Should US networks adopt UK style seasons?

Discussion in 'Archived Threads 2001-2004' started by Will_B, Dec 6, 2002.

  1. Will_B

    Will_B Producer

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    Lately it seems (or I've just begun to notice) that many good new series here in the US are being canceled before anyone has even had a chance to catch more than an episode or two.

    Birds of Prey (the Buffy-like Batman show), Firefly (the Andromeda like sci-fi show) are two shows which are either already canceled or soon to be.

    So my question is, would it make more sense for the US to adopt the British style of having "seasons" that last only like 8 episodes? And have the networks commit to showing all 8.

    That way storylines will already be designed to end - and quality might even improve since the writers of the show won't have time for any "filler" episodes. There may be less resentment towards the networks, who are currently being accused - justifiably, I'd say - of yanking shows before they've established an audience.
     
  2. Jeff Kleist

    Jeff Kleist Executive Producer

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    No, but I would like them to adopt the 6 month season, that way we see a new show every week.
     
  3. Jason Seaver

    Jason Seaver Lead Actor

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    Well... It's one alternate way of structuring TV that I'd like to see considered. Now that there's a bigger home-video market for TV series, this might become a more appealing idea for studios. Heck, it seems to be working for HBO.
    However, I do think that this should be only one of a variety of ways to produce TV. I mean, I happen to like the old-fashioned, open-ended American TV series. I like the way characters and their stories can evolve with time, how a show like Law & Order or ER can completely re-invent itself over the course of a long run but still remain faithful to the original idea. I like that, with a few exceptions, shows are written by a staff, and we get to see different takes on characters.
    Don't get me wrong - I'm a big fan of stories with a beginning, middle, and end with a single creative vision, too. But part of what makes television such a great medium is that there are so many ways to create it.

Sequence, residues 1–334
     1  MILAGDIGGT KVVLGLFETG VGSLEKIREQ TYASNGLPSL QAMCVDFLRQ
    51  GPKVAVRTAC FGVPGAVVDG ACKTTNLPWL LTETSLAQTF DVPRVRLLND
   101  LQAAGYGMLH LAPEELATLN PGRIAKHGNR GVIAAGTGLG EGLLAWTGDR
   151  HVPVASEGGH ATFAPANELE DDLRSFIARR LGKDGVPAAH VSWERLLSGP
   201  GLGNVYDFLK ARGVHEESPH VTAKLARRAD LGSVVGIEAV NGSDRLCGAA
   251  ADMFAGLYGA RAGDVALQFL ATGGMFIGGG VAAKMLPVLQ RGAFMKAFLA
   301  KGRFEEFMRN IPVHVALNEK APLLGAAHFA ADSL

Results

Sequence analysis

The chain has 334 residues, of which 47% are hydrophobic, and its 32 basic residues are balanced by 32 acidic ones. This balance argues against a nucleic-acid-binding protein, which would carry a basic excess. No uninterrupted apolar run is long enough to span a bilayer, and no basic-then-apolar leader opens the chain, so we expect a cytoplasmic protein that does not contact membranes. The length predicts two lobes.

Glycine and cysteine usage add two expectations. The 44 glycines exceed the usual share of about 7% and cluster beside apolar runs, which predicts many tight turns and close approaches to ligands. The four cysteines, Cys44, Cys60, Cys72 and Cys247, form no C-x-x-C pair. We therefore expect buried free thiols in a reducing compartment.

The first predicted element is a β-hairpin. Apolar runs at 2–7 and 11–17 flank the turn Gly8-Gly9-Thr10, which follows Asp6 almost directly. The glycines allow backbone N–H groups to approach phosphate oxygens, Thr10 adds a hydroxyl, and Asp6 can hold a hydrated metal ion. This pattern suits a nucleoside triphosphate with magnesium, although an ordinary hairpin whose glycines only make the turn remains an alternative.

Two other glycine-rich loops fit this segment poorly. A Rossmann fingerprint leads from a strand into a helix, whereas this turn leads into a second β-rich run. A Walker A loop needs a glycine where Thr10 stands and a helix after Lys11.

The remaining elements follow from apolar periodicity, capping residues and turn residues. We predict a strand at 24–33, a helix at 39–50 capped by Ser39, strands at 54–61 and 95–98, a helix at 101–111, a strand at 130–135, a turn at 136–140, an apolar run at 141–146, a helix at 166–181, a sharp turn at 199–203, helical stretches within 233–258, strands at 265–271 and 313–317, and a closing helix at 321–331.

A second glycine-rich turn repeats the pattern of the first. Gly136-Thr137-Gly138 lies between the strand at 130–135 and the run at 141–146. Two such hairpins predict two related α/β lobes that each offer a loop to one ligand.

Eventually, I think we'll eventually see the same shift in television that's going on in comic books - continuing series that are designed to be collected in six-piece chunks.
     
  4. Jeff Kleist

    Jeff Kleist Executive Producer

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    Or how about a compromise

    Why not give shows an 8 episode trial run? Have a "potpurri" timeslot or 2 that might see 3 different shows over the course of a season. The ones that do well might get picked up next year. That way you have shows with beginning/middile/end but still enough time to tell a story
     
  5. Grant B

    Grant B Producer

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    Since most broadcast networks own or are affliated with cable channels, I dont see why they dont use them as a preping ground for shows....or a graveyard for ones that dont quite make it
     
  6. andrew markworthy

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    With respect, I think you're thinking of how Brit 'seasons' used to work (incidentally, the norm was either 6 or 13 weeks, not 8). Although there are some fiction series that repeat every week, a lot are on in concentrated bursts over several consecutive nights (e.g. big book dramatisations), sometimes spread over a couple of weeks (e.g. two or three consecutive Sundays and Mondays). However, I cannot think of a Brit fiction series (other than our soaps, which I have to say look like Chekov in comparison with the few US ones I've seen) that's had more than a 13 episode run in a year.

    Brit series tend to be serials, so once started, they will finish to avoid viewer complaints (even if they get shunted into a graveyard slot because the viewing figures are low). The idea of totally axeing a show before it has run its scheduled quota of appearances because of low figures is practically unheard of in the UK, and when it happens it tends to be big news.

    I've got to say that I find US series lengths rather wearisome. IMHO, practically every US series I've seen would have benefitted from shorter runs (Friends and the various Star Treks most definitely and even the excellent CSI has some dud episodes). So I'd say - try it: you might well find that fewer shows creates a higher average level of quality.
     
  7. Adam Lenhardt

    Adam Lenhardt Executive Producer

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  8. Ken Chan

    Ken Chan Producer

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    Well, with Smallville, they did intend to have episodes (the villian-of-the-week ones) for "new people to get into it", which certainly ended up being filler. Supposedly they know where they want to be at the end of each season. I would rather it be tightly plotted in 13 (or whatever) episodes per year.

    Maybe not typical, but there it is.

    //Ken
     
  9. andrew markworthy

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  10. Adam Lenhardt

    Adam Lenhardt Executive Producer